Against All Elements
NRP protect citizens and resources
By Mike Jerome
From frigid winters to hot, humid summers, Mother Nature challenges Natural Resources Police (NRP) officers to keep citizens, visitors and natural resources safe and protected.
Unlike most states, Maryland experiences most every type of weather; however, this does not stop the State’s conservation officers from doing their jobs. While we hunker down during hurricane season or stay warm inside during a blizzard, the men and women of NRP are out braving the elements.
Whether patrolling the Chesapeake Bay in late December or hiking the Appalachian Trail in early July, officers keep a keen eye on another type of element — poachers or anyone else who harm our treasured resources.
As the primary law enforcement agency for State parks, forests and land owned by the Department of Natural Resources, NRP safeguards Maryland residents and visitors who enjoy the outdoors. By patrolling State lands and waterways, NRP’s 249 officers are well trained to adapt to all conditions.
Cadets learn the dangers of weather immediately at the NRP academy. In addition to firearm training, patrol procedures and self-defense tactics courses, cadets also prepare for climate conditions, including rugged exercises, to physically prepare them for the challenges of the job.
One such exercise includes wearing a survival wetsuit, jumping into the Bay and enduring freezing temperatures. This drill teaches cadets what to do if they are aboard a sinking vessel and need to abandon ship. Training also covers how to operate and utilize all safety equipment.
Cadets are also taught how to drive All-terrain vehicles, which let them ride on rough land. Additional training exercises include how to check batteries, fuel lines and other mechanical procedures in the event repairs are necessary.
After the academy, officers spend about 80 percent of their time in the field. Before heading out, they check the weather forecast and inform the NRP communications center where they are going and how long they will be gone. Officers must dress for the conditions and prepare a daypack with food, water and extra clothing.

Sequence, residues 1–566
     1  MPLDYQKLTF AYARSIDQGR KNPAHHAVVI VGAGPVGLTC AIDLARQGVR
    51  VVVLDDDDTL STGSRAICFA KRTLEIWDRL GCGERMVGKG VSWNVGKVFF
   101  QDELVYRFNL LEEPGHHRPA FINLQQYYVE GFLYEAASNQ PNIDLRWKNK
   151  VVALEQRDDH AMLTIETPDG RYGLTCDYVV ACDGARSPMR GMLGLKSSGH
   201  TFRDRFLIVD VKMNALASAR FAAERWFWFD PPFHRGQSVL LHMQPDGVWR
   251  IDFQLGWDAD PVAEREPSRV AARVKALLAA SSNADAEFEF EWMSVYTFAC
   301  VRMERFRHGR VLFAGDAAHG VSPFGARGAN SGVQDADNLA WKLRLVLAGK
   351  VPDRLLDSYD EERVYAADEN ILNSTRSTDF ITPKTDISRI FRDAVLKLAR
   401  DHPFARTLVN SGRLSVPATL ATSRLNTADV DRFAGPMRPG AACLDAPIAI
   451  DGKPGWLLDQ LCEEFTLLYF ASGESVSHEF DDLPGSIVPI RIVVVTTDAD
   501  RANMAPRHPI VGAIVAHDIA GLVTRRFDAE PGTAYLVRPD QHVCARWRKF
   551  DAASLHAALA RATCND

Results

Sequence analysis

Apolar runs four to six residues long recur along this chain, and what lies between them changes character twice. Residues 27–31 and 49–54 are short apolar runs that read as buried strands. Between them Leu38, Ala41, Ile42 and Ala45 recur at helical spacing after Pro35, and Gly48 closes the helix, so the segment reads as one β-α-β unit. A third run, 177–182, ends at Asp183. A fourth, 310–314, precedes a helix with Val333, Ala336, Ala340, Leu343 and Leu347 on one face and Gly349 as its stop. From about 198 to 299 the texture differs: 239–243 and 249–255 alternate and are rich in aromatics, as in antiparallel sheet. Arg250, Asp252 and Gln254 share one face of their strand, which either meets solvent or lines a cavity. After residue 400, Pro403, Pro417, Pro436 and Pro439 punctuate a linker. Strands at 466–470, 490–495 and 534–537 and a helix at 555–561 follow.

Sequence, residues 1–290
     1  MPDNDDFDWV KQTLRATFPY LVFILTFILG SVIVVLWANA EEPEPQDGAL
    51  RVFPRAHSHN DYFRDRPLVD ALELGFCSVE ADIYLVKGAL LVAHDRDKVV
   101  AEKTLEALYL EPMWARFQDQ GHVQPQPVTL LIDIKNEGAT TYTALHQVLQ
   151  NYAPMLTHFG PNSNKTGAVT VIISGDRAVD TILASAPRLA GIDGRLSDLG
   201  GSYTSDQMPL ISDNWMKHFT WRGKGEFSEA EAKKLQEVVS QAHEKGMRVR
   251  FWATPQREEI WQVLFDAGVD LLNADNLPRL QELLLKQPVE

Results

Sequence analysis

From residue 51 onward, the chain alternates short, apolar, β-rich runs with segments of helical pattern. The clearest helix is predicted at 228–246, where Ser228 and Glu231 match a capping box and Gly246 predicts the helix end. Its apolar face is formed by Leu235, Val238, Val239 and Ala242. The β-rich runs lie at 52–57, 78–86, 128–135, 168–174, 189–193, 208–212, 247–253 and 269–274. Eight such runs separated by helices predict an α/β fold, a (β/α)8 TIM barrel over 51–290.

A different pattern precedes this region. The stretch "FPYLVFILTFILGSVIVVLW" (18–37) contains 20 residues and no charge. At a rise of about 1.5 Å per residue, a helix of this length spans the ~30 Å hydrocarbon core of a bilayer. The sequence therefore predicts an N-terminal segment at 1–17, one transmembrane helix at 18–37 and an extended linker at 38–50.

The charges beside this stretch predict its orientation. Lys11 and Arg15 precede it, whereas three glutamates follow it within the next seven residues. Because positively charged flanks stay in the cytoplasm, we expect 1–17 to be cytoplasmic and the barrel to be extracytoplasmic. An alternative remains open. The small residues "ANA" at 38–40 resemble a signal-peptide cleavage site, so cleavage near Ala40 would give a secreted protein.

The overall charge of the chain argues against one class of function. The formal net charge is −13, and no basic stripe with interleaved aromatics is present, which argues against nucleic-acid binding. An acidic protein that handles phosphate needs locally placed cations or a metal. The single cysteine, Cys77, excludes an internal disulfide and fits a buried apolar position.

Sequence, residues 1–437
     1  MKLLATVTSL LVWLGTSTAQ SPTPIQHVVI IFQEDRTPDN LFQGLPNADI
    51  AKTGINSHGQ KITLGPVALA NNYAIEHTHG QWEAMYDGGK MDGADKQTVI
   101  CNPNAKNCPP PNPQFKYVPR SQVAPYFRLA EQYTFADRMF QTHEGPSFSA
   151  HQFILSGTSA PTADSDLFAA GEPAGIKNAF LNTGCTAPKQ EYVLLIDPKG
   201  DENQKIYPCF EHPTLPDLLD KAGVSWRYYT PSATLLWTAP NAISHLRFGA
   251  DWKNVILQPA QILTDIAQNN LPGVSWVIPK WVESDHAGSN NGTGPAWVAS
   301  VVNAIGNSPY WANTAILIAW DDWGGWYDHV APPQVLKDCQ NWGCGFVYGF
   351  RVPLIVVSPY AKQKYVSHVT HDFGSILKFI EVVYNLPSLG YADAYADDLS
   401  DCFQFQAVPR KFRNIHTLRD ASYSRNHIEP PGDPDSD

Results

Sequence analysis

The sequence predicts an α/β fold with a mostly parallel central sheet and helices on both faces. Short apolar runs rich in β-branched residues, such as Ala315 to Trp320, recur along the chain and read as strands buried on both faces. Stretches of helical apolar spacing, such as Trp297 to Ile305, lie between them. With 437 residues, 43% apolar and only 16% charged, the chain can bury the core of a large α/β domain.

Unlike other law enforcement agencies, NRP officers are usually not located in populated areas, so resources can be scarce. If something goes wrong, they must rely on their training to carry out their duties.
No matter what the element, safety is the number one priority. Colonel George F. Johnson, IV, NRP Superintendant, says, “Before starting an outdoor adventure, remember the acronym SAFE: S - Survey or inspect the vessel and equipment; A - anticipate needs by checking weather forecasts and plan for the worst situation in regards to fuel, clothing, medicine, food and water; F - File trip plans with a friend or relative, include route, length of stay and when returning and E - Equipment: check safety equipment a second time and ensure a reliable means of communication.”
Practice saves lives
NRP officers undergo tough training and encourage citizens to practice the same survival tactics to help prevent accidents and save lives.
“The safety procedures our officers follow are the same procedures we tell the public to practice,” says NRP Sgt. Art Windemuth. “From checking the weather forecast to packing the right gear, everyone should learn basic survival tips before enjoying the outdoors.”
NRP officers use these important skills to protect valuable resources for future generations and allow citizens and visitors an opportunity to safely enjoy this beautiful State.
Mike Jerome is an intern in DNR’s Office of Communications.